The acoustics of façades

Façade designs with higher acoustical performance are required to provide an appropriate interior environment in mixed-use facilities. Photo © Raj Das
Façade designs with higher acoustical performance are required to provide an appropriate interior environment in mixed-use facilities.
Photo © Raj Das

This method would result in a thicker-looking mullion from the outside of the building as the drywall extension would often be visible. Specifically made and acoustically tested systems provide caps to close the gap between the end of the drywall partition and the façade. These systems provide a cleaner-looking, less-visible connection from the outside of the building, as well as a slip connection to allow the façade to expand as it heats up. These caps also provide tested acoustical separation from STC 35 to 60. In the author’s experience, the acoustical separation provided by the partition will be significantly limited if this connection is unaddressed. If the drywall partition stops at the mullion and the gap is filled with backer rod or a neoprene gasket, a partition with a single layer of drywall on each side (including the batt insulation) should be considered, as the mullion/partition connection will limit the acoustical separation from anything higher than this partition.

The gap between the structural floor and the façade is another weak link for the acoustics within the building. Acoustical separation at the perimeter can be compromised due to the gap between these two locations. Drywall window return enclosing the gap can help address the attenuation required between these two vertical adjacencies. However, mixed-use adjacencies may need more significant construction to provide adequate acoustical separation.

In the past, zoning used to address restaurant and bar activities by providing distance between commercial and residential uses. The mixed-use concept, allowing occupants to socialize locally rather than commute to an activity, is becoming popular. While this is beneficial to the community, it requires improved acoustical separation. As mentioned, a restaurant or bar located within a mixed-use building may operate well into the nighttime, and even if live music is restricted, will cause noise levels that would be disturbing to the residences above. In leases, landlords are adding a requirement of ‘inaudibility’ and/or acoustical separation as high as STC 75 between these adjacencies. While the structural building with poured concrete slabs may already be providing this separation, without ‘box-within-a-box’ construction at the perimeter, the gap between the structure and the façade limits the acoustical separation. To achieve higher acoustical isolation, a separate façade, attached resiliently from the building structure, and closing off the acoustical ceiling or floor is required (Figure 3).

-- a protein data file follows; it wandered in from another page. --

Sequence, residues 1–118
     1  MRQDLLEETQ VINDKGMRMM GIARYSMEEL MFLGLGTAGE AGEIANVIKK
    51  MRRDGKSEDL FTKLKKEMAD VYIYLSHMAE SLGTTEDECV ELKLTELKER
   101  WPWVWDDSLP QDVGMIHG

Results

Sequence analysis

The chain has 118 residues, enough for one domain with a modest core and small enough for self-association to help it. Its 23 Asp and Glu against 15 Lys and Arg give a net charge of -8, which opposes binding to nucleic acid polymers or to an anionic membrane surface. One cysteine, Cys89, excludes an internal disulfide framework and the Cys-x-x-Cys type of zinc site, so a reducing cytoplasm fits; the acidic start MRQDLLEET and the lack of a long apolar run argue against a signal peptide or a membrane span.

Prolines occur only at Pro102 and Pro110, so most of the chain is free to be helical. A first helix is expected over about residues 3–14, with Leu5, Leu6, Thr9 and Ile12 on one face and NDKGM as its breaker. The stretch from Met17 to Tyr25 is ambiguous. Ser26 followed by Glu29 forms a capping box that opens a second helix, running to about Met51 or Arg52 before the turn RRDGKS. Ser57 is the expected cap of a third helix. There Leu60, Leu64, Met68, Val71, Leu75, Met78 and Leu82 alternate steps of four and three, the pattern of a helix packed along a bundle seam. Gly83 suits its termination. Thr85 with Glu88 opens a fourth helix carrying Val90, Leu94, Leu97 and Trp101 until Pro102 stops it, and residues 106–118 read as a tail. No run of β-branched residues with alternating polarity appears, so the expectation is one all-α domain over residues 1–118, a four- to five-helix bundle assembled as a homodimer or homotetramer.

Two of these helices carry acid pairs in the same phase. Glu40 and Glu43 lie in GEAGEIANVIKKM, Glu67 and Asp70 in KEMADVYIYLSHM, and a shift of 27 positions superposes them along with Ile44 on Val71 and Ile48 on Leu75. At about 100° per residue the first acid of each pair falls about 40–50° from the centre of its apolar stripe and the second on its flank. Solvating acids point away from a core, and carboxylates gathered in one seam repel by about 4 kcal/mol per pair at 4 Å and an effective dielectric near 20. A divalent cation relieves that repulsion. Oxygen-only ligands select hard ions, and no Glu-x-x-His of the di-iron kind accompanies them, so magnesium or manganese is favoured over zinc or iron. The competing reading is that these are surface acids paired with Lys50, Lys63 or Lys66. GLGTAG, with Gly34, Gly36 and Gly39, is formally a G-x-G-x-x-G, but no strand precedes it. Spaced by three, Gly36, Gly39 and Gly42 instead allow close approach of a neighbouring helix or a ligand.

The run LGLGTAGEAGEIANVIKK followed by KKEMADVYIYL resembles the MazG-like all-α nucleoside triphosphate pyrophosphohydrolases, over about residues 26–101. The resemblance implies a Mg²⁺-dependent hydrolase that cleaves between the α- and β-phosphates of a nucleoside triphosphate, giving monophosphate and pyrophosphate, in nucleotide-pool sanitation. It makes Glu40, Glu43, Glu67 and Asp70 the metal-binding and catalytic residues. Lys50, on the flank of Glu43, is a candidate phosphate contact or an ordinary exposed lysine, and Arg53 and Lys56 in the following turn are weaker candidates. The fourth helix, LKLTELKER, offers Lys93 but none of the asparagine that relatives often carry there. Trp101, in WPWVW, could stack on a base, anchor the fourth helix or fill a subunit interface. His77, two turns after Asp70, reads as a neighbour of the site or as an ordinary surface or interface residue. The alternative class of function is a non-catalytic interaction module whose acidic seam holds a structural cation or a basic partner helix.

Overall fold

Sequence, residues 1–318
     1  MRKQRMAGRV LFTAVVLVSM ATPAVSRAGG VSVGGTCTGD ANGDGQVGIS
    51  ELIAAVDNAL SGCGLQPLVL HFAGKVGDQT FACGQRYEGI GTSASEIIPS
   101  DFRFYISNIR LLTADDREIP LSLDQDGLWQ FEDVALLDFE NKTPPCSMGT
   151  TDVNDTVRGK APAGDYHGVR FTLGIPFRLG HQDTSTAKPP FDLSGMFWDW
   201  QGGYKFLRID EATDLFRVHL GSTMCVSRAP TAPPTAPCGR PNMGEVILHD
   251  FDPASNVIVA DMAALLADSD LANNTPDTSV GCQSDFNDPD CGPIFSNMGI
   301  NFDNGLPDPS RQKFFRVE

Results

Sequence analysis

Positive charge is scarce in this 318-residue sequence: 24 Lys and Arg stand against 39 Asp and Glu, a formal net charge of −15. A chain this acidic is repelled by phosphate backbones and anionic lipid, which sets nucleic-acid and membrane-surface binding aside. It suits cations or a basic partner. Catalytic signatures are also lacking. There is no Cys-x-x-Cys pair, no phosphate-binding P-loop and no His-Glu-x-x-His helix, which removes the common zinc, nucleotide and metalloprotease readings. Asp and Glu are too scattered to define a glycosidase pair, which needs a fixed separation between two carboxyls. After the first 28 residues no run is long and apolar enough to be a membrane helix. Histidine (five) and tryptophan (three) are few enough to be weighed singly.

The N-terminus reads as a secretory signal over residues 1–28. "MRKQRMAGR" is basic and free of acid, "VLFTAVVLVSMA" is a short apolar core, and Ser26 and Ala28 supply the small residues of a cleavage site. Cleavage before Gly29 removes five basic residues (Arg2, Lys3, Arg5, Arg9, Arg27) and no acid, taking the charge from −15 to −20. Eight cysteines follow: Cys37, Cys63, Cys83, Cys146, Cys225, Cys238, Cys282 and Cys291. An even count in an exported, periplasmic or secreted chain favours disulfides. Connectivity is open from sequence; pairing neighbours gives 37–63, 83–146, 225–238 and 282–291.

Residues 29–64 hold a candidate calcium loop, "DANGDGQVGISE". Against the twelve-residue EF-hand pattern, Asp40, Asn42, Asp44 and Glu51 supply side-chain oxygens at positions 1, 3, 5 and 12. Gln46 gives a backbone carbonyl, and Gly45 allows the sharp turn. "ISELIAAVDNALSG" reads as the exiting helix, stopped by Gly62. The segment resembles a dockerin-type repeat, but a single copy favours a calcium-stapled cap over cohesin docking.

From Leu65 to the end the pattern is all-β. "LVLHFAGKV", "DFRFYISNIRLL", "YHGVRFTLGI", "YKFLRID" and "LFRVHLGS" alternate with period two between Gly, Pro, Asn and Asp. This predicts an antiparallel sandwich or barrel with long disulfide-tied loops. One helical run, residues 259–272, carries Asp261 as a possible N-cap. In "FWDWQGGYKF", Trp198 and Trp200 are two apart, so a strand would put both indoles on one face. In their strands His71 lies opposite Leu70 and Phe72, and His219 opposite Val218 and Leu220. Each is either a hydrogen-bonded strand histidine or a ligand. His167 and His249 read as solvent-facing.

As a final thought, all components of the building allow the façade to properly expand and contract. Without providing slip connections and avoiding rigid connections between the façade and interior components such as the acoustical ceiling grid, pops and creaks occur as the two components heat up differently and attempt to expand.

While the visual, thermal, and fire/life safety aspects of the façade are the most discussed factors, the acoustical considerations discussed above are also an important part of the overall success of a project. Such concerns require careful detailing and construction to provide the appropriate acoustical environment to building occupants. An integrated team with the ability to address all of the relevant design considerations is crucial to maximize the mixed-use trend, while minimizing some of the concerns associated with living close to other people and different uses.

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